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Seniors' Health: Nerve stimulation eases tough-to-treat constipation

Implanted device doubles the number of weekly bowel movements in a European study

People with longstanding constipation that hasn’t responded to medication may benefit from an implanted device that stimulates the nerves of the lower bowel.

This alternative approach, called sacral nerve stimulation, was tested in a European study of 65 people whose constipation hadn’t been relieved by laxatives or other treatments. On average, the study participants had no more than two bowel movements per week.

The patients were implanted with a device that includes a thin insulated wire and a nerve stimulator similar to a heart pacemaker. The device, which is about the size of a pocket stopwatch, is inserted under the skin of the upper buttock. Thin wires run continuous low-level electrical stimulation to the nerve supplying the lower bowel and sphincter.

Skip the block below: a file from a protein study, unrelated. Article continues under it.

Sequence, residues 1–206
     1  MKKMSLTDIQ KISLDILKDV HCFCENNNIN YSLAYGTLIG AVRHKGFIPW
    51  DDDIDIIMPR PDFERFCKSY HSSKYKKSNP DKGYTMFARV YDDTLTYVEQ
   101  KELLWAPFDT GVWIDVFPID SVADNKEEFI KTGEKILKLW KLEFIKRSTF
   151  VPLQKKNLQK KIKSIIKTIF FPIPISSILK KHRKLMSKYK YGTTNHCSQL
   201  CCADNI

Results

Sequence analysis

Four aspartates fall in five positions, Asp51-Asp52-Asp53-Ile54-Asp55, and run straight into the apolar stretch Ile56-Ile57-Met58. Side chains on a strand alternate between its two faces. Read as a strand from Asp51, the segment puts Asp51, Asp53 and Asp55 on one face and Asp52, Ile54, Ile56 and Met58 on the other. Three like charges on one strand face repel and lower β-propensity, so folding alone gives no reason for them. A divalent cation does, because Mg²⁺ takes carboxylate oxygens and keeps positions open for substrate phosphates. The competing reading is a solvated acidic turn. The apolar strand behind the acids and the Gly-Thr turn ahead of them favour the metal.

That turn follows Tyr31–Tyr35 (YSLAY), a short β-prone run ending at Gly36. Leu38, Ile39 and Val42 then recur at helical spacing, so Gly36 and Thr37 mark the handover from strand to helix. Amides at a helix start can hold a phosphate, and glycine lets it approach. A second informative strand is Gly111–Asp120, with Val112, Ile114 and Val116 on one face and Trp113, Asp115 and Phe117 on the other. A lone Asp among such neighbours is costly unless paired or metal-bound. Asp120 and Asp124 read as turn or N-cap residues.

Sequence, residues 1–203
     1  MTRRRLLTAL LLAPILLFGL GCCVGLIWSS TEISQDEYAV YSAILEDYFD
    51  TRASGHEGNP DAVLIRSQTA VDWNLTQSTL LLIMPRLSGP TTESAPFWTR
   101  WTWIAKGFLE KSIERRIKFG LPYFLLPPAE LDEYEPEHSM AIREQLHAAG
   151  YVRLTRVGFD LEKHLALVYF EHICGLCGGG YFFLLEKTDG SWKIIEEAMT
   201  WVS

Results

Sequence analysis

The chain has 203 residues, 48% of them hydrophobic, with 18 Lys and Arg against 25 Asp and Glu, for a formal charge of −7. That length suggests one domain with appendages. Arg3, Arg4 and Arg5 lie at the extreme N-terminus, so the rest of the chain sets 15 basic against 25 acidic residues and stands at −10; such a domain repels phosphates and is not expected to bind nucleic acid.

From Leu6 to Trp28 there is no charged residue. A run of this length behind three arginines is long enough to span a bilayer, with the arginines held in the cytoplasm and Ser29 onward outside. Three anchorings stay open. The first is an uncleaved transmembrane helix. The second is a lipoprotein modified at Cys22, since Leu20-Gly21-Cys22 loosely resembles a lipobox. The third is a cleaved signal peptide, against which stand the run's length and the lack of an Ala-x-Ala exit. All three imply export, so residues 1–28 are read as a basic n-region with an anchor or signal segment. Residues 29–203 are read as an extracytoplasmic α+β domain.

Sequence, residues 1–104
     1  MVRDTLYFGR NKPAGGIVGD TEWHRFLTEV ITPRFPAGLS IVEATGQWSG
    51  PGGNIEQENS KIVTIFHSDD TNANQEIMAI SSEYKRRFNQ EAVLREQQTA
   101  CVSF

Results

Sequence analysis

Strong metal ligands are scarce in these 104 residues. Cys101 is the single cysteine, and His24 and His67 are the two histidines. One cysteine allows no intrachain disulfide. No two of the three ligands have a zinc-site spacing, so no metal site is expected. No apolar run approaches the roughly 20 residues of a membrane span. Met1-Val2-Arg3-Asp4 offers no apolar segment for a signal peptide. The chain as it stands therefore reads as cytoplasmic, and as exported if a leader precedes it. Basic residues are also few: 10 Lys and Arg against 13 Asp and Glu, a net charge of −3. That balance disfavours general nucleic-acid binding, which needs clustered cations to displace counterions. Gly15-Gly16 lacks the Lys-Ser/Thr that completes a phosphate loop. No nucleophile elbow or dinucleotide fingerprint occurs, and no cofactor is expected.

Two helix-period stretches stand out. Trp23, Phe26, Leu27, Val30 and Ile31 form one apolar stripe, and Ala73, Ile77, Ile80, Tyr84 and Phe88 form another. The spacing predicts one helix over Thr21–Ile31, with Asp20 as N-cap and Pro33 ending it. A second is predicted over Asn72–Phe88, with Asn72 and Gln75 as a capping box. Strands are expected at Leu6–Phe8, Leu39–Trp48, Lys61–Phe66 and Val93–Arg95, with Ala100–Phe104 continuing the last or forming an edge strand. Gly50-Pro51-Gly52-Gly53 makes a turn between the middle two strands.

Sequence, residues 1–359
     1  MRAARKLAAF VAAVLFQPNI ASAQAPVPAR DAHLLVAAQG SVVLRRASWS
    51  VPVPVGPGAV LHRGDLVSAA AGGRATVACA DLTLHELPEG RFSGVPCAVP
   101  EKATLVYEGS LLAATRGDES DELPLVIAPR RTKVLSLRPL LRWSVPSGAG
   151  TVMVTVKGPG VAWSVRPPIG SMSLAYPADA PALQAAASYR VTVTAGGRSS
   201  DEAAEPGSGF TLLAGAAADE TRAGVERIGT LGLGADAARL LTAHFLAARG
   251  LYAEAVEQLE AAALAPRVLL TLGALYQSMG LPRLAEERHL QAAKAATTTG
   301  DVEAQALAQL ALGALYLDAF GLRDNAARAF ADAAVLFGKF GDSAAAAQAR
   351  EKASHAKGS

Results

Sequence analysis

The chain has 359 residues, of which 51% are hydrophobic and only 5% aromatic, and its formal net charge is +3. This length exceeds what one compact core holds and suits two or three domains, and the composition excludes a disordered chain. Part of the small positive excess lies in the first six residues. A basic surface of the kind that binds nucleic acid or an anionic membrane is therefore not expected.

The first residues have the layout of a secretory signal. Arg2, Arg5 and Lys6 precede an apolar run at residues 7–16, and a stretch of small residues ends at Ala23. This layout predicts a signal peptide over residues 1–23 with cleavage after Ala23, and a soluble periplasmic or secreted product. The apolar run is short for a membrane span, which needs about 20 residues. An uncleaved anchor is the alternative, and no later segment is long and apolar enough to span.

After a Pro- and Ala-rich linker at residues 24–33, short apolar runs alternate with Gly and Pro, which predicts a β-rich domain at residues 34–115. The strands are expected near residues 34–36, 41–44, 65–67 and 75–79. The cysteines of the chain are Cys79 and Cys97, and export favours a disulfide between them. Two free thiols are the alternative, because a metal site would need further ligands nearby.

In the first part of the study, the device was tested on a temporary basis in all the study participants. About two-thirds showed a 50 per cent improvement in their symptoms and were eligible for permanent implantation. Over the next year, frequency of defecation in these 43 patients nearly doubled, increasing from three to six bowel movements per week. A quality-of-life questionnaire also revealed significant improvements.

Although constipation is rarely life-threatening, the symptoms of abdominal pain and bloating can severely affect the physical and emotional well-being of the 15 per cent of people worldwide who suffer from it, says lead study investigator Dr. Thomas Dudding of St. Mark’s Hospital in London.

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